This week in history: The unification of Germany

By Cody Carlson

For the Deseret News

Published: Thursday, Jan. 17 2013 12:45 p.m. MST

On Jan. 18, 1871, Germany proclaimed itself an empire after a series of wars of unification. German unification had been the dream of many Germans for centuries, and was finally achieved by Otto von Bismarck, Prussia's iron chancellor.

Prior to unification, Germany had never been a single nation state in its long history. Beginning in the middle ages, the Holy Roman Empire encompassed most of modern-day Germany, though its borders often extended much further. At various times, the empire also claimed regions in northern Italy, Switzerland, Czechoslovakia and the low countries. Far from acting as a nation state, however, the Holy Roman Empire functioned more like a medieval United Nations, where individual German kingdoms, principalities and cities often had far more power in their localities than the emperors did.

By the dawn of the 19th century, the Holy Roman Empire encompassed more than one thousand of these individual polities, or subordinate states. In 1806, Napoleon Bonaparte disbanded the empire to more easily govern the German states. His intervention saw many small states gobbled up by larger ones, and in the end he created something called the Confederation of the Rhine. Encompassing what was now only 39 states, the Confederation acted as France's puppet. The last Roman emperor, Francis II of the House Habsburg-Lorraine, abdicated but maintained his lands in Austria and elsewhere, styling himself emperor of Austria.

With Napoleon's defeat, the Confederation of the Rhine was replaced with the German Confederation by the victors. The two most powerful German states were now Austria in the south, which had a large empire outside of Germany, and Prussia in the north. The new confederation had just as little power as the Holy Roman Empire did, though it addressed economic issues between the German states and provided a neutral buffer between the potentially hostile Austria and Prussia.

Many Germans, however, wanted a united German state. This was largely the dream of German liberals, who also wanted parliaments and constitutions, which limited royal authority. This often put them at odds with kings and emperors. The chance for the liberals to create a united Germany first came in 1848, when a revolution in France soon swept throughout the continent, setting many German cities ablaze. The Revolutions of 1848 ultimately led to the creation of a National Assembly in Frankfurt to explore the idea of German unity.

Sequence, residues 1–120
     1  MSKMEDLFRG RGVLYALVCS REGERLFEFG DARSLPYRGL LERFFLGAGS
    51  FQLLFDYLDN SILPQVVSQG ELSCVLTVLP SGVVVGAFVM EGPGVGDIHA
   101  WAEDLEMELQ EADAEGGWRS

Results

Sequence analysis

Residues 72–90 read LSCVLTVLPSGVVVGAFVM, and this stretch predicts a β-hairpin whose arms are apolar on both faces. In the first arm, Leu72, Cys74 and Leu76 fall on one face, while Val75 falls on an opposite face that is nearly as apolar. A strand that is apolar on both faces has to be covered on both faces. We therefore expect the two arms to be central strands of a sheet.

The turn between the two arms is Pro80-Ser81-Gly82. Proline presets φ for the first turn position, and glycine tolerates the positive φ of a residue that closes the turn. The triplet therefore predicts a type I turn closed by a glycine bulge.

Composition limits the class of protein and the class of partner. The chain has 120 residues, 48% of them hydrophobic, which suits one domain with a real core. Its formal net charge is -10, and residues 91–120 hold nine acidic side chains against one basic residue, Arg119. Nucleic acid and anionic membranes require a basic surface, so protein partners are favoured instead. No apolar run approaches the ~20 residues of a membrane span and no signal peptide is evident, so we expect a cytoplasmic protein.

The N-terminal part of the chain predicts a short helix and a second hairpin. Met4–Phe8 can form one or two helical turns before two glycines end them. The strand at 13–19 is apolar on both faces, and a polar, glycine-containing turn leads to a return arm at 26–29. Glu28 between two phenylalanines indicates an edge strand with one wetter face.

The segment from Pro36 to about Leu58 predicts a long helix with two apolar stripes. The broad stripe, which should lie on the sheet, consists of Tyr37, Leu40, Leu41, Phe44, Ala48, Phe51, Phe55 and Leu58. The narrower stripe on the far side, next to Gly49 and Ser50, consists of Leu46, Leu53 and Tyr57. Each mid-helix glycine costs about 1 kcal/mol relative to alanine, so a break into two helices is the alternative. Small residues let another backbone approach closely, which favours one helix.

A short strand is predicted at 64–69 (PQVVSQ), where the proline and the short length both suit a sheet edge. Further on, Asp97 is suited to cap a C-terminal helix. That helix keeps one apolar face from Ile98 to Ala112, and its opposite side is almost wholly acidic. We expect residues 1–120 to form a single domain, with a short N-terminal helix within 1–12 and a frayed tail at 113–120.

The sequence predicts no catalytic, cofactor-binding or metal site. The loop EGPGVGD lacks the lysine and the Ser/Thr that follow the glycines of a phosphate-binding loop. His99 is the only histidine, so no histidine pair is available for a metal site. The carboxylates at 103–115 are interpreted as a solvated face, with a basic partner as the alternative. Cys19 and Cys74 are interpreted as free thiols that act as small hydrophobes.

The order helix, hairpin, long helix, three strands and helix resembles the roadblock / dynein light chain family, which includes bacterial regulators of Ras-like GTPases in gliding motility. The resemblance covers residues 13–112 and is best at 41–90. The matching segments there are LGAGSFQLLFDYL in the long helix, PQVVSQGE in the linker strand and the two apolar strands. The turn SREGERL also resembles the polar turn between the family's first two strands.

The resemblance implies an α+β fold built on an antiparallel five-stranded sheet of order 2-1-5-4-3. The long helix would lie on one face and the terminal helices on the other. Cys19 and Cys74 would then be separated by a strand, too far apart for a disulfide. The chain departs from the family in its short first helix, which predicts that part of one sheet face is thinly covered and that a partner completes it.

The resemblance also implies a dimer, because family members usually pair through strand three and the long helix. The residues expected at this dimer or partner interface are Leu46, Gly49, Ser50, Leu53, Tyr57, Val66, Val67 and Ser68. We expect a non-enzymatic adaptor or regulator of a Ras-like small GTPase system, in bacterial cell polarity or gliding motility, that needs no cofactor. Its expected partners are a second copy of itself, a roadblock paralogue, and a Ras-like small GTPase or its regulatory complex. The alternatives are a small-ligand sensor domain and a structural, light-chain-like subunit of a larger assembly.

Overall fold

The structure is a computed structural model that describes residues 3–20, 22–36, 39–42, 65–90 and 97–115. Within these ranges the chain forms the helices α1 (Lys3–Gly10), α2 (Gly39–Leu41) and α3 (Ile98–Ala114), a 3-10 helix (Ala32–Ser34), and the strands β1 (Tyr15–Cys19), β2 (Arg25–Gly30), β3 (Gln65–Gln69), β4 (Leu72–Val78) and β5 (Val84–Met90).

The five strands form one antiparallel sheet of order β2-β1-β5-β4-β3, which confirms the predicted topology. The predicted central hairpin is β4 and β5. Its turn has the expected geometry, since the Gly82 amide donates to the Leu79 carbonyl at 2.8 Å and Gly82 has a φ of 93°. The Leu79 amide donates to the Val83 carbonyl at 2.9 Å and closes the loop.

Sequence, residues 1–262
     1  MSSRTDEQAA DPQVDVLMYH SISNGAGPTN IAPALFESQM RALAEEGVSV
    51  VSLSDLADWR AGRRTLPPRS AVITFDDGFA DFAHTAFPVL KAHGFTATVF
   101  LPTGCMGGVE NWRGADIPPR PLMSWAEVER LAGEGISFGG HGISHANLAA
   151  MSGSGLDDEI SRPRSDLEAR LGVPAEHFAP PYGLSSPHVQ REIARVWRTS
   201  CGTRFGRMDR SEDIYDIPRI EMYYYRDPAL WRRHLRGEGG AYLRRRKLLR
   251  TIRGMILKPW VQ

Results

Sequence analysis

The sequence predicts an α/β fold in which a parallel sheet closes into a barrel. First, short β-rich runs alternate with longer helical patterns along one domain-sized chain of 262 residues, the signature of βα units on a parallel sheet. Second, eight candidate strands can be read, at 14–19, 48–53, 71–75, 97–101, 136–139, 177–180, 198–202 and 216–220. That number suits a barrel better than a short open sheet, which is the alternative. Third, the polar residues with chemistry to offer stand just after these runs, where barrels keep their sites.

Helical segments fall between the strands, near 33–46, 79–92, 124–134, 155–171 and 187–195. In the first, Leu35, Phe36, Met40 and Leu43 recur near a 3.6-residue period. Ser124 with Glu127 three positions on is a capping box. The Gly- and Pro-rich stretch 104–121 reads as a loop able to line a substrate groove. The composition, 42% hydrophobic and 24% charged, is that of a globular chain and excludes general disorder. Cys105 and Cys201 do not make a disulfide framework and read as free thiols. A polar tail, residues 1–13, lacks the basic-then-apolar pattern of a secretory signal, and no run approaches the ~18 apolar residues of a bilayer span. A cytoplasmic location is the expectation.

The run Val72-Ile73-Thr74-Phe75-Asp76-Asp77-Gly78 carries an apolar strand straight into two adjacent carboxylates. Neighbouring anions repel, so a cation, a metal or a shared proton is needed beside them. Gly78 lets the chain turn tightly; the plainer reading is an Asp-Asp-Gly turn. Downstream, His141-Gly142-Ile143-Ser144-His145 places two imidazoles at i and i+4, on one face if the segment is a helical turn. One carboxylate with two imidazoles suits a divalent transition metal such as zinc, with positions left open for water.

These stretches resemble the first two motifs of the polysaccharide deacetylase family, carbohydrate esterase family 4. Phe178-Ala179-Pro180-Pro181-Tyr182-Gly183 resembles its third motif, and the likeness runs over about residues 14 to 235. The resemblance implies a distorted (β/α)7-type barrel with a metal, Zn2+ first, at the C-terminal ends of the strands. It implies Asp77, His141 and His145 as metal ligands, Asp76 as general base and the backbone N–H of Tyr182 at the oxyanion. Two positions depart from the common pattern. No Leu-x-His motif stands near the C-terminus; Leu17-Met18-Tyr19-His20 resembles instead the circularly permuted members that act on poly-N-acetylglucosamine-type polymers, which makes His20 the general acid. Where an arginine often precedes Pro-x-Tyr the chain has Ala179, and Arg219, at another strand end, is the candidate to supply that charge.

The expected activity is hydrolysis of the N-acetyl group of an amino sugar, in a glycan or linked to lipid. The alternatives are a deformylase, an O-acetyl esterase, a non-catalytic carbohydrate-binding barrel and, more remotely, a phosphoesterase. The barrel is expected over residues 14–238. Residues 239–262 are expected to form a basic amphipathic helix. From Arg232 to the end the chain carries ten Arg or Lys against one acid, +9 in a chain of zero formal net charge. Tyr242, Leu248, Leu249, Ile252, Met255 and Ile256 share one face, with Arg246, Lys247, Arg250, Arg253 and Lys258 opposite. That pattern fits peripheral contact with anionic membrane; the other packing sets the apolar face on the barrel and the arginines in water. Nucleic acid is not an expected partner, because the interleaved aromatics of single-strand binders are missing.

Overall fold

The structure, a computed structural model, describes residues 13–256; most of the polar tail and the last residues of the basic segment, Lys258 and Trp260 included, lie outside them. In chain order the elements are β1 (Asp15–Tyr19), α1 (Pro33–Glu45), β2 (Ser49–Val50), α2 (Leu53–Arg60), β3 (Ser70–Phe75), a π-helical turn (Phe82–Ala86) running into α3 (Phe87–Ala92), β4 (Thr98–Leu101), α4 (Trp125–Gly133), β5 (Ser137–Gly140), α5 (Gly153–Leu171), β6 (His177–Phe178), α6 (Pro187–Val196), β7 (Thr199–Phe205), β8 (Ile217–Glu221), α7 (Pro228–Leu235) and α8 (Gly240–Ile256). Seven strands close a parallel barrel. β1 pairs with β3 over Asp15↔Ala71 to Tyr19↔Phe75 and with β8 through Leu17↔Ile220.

Monarchs throughout Germany looked skeptically at events in Frankfurt, and when the assembly members voted to create a German state that excluded Austria, they decided to offer the imperial crown to Frederick Wilhelm IV, the king of Prussia.

In “Bismarck and the German Empire,” historian Erich Eyck wrote: “It was now up to Frederick Wilhelm to fulfill the ardent desire of the German nation for unity by accepting the imperial crown. Wilhelm was not the man who the historic hour demanded. He detested election by a parliament, a crown offered by representatives of the people. That was revolution, and he hated the revolution ... So he declined the crown on the grounds that he would accept it only if offered unanimously by the German princes.”

He later wrote famously that he would never accept a crown “from the gutter.”

Still, the hopes of the German people for unity did not die, and soon von Bismarck, chancellor to the king of Prussia, decided that if German unity was inevitable, it must come from the top down rather than the bottom up. And just as important, the new emperor must be the king of Prussia.

Serving the new king of Prussia, Wilhelm I, Bismarck orchestrated a series of wars in the German states in order to empower Prussia and make unity under its leadership certain. In 1864 Prussia allied with Austria and won a war against Denmark over the territories of Schleswig and Holstein. Then, in 1866, Prussia went to war with Austria, its German rival, and soundly won the battle. The road was open to German unification. All of the German princes recognized Prussia's power. There was one problem left, however: France.

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